History.com.  “American Revolution History.”  Accessed April 30, 2016.  http://www.history.com/american-revolution/american-revolution-history.

History.com.  “King Philip’s War.”  Accessed April 30, 2016.  http://www.history.com/topics/native-american-history/king-philips-war.

United Empire Loyalists’ Association of Canada.  “Loyalist Directory: Benjamin Varnum.”  Accessed April 29, 2016.  http://uelac.org/Loyalist-Info/detail.php?letter=v&line=110.

 

Advertisements

Crestleaf.com’s 12 Months of Fascinating Family Finds: July

Elijah Vincent: “A terror to all those who opposed the crown”

United Empire Loyalist

From my genealogical researching, I’ve discovered many of my ancestors were farmers.   They seemed to live uneventful lives, at least when you only have census records and family lists as data to go by. Farmer John married Jane Farmer’s Daughter and they had 8 children. Those eight children married farmers and farmers’ daughters and they had 8 children and so on.

Every once in a while, you hit something solid in your proverbial digging.  Through another of my Dad’s lines, I uncovered Elijah Vincent, a United Empire Loyalist, who came from the United States after the American Revolution.  Elijah, himself, was a 6th generation American when he was born in Eastchester, New York on Christmas Eve 1759.  He was the oldest of 6 children born to Lewis Vincent and Abigail Fowler.  His 4 X great-grandfather, Adrian Vincent, came from Belgium to America in 1633 but it was Elijah who brought this line to Canada.

That isn’t the interesting part.  In July 1781, during the Revolutionary War, Elijah’s brother, Gilbert, a blacksmith, refused to shoe a French officer’s horse because it was a Sunday.  A conflict ensued and the officer killed Gilbert.  When Elijah heard of his brother’s death, he sought vengeance.  As an ensign for James DeLancey’s Westchester Refugees, he laid hiding in some bushes and when a French group of hussars passed, he fatally shot their captain.  According to Commemorative Discourse Delivered at the Centennial Anniversary of the Erection and Sixtieth of the Consecration of St. Paul’s Church, East Chester, Elijah “throughout this whole region became a terror to all those who opposed the crown”.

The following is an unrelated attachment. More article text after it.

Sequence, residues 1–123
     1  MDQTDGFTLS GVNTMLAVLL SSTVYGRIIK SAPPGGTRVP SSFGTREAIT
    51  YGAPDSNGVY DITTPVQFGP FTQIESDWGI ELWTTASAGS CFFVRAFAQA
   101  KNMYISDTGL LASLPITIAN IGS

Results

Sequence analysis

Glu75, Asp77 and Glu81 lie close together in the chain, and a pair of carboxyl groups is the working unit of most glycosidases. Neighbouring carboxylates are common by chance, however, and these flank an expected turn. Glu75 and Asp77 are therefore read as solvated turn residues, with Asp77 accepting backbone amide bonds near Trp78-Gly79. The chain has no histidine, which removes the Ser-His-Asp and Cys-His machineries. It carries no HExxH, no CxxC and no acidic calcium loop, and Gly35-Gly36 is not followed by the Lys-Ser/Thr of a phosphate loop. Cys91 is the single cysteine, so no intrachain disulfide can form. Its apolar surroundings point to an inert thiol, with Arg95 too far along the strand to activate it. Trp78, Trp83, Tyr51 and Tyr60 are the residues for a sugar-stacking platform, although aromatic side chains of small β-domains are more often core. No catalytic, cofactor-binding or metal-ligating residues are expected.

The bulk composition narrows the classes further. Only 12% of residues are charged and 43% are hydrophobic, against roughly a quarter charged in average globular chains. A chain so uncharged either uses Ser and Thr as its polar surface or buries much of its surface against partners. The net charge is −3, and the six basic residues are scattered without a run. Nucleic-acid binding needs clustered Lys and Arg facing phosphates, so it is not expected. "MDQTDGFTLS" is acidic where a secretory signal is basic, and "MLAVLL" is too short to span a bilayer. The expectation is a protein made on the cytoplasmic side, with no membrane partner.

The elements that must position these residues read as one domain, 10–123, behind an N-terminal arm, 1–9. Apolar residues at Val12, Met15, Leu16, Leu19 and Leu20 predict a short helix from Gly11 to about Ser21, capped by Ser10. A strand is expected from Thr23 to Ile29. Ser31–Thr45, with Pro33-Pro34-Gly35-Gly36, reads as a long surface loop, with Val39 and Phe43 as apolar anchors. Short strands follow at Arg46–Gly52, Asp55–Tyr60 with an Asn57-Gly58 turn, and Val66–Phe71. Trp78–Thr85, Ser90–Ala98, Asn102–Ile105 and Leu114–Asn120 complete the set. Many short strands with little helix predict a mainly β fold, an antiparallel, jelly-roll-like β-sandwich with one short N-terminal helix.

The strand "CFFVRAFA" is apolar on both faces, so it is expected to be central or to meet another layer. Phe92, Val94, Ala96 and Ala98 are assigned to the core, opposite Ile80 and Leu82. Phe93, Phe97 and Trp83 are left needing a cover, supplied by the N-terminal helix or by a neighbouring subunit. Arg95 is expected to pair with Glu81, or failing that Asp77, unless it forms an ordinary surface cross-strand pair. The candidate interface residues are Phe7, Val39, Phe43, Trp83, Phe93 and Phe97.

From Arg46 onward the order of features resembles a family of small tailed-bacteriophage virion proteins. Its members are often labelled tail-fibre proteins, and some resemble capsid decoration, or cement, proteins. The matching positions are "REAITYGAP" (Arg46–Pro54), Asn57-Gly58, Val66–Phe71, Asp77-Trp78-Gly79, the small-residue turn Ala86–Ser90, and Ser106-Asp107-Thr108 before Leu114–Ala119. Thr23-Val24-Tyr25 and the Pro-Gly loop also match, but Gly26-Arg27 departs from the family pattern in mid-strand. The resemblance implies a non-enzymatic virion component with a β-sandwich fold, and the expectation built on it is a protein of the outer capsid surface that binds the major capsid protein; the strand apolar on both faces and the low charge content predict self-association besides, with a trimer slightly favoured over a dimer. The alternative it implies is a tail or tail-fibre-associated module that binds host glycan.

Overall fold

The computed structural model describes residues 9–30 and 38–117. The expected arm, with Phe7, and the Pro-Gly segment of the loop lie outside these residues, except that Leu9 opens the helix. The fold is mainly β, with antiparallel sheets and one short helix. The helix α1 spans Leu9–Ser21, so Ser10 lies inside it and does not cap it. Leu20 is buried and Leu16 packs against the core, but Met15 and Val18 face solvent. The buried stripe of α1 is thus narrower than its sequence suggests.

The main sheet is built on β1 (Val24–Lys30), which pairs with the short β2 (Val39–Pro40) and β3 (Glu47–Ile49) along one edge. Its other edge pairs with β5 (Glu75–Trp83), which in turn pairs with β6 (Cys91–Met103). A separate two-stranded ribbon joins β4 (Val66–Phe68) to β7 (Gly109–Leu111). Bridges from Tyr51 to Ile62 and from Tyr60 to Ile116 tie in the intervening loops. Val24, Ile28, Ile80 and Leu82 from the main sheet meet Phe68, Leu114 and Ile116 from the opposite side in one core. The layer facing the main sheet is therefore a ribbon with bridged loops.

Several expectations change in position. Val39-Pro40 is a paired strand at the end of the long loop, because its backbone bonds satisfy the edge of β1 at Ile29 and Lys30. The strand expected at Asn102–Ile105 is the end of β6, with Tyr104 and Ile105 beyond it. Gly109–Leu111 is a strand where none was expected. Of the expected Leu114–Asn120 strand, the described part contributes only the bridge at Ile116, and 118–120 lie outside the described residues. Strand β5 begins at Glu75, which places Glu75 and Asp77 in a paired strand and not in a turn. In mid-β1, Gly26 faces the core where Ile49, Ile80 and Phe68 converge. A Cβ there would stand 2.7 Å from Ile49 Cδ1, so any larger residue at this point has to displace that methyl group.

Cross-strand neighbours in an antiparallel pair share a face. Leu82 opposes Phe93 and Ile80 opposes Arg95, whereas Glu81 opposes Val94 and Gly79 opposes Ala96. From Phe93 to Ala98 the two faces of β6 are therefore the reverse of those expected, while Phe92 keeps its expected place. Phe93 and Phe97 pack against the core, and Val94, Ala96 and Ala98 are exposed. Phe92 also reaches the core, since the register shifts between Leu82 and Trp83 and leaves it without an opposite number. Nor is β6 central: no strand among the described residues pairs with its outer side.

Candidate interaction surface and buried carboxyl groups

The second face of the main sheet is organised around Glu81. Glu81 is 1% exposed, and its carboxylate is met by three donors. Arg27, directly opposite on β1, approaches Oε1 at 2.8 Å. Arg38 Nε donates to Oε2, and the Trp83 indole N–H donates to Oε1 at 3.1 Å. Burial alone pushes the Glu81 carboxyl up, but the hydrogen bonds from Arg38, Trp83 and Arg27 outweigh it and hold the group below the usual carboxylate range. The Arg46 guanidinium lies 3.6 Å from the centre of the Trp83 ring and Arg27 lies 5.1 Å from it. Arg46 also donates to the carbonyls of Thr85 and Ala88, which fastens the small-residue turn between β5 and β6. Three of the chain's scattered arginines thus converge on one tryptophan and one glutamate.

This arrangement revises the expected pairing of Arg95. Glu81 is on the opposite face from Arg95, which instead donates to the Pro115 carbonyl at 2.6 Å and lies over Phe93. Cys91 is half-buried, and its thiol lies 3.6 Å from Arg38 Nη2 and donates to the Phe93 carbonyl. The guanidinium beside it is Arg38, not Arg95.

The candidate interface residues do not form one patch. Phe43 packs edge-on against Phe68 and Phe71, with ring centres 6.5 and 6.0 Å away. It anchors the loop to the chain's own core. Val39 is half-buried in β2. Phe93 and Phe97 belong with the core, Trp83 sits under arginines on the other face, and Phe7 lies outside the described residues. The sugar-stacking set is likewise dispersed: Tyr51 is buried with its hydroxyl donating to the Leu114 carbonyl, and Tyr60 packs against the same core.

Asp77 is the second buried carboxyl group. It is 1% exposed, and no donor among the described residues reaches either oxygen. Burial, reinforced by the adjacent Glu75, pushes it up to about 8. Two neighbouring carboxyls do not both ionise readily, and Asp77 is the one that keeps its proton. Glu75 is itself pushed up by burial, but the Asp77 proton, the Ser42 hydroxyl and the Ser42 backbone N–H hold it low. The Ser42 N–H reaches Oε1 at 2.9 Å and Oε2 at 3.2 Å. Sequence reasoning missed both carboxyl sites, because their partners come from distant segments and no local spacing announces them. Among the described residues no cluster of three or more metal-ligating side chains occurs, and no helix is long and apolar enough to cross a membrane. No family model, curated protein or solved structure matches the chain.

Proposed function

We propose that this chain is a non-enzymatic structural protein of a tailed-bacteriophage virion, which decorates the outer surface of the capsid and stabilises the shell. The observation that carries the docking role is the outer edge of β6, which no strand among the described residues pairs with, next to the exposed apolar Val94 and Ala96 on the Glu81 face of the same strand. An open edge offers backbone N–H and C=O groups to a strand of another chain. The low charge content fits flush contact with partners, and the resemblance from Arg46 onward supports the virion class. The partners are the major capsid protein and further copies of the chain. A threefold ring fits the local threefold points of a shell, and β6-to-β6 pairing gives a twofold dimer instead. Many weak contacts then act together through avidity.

Isn’t this the stuff that Revolutionary War movies are made of?  In fact, wasn’t it already a movie?  Oh no, I’m thinking of “The Patriot” and clearly that wasn’t about a “Loyalist”.  It was an intriguing research project to say the least.  There do seem to be some details that show up differently in sources.  For example, some sources indicate the officer in need of the blacksmith was French and others say American.  Some stories say that Gilbert Vincent was shot and killed and others say he was sliced apart by a sword and lived.  The heart of the story remains consistent, Gilbert Vincent, a Blacksmith, was killed or critically injured and Elijah sought vengeance and killed a captain opposed to the Loyalists.

He married Abigail Bayeux in 1791 and brought his family officially to Canada in 1796.  He settled in Willoughby Township which is now a part of the Region of Niagara Falls.  Of his four children, his oldest daughter, Abigail, my 5 x great-grandmother, married John Amerman and settled in Bayham Township close to modern-day Straffordville, ON.  Many of her descendants remain close to Bayham Township to this day, myself included.  It’s an area rich with my family history. What else might I unearth in this Vincent line?

12 Months of Fascinating Family Finds

 

 

 

 

 

 

 

Notes:

1.  Wilkerson, Lyn. Historical Cities-New York City. (USA: Caddo, 2010) Google Books, accessed July 9, 2015.

2.   “America Meets France Outside New York City,” accessed July 9, 2015, http://web.ncf.ca/dc253/Adams%20Ground/America%20Meets%20France%20Outside%20New%20York.pdf.

3.   Coffey, Rev. William Samuel.  Commemorative Discourse Delivered at the Centennial Anniversary of the Erection and Sixtieth of the Consecration of St. Paul’s Church, East Chester.  (New York: Perris and Browne, 1866)  Google Books, accessed July 9, 2010.

4.  Scharf, John Thomas.  History of Westchester County: New York, Including Morrisania, Kings Bridge and West Farms: Volume 1.  (Philedelphia: L. E. Preston & Co., 1886)  Google Books, accessed July 9, 2015.

5.  “Elijah Vincent,” accessed July 9, 2015, http://trees.ancestry.ca/tree/45656741/person/6889121046.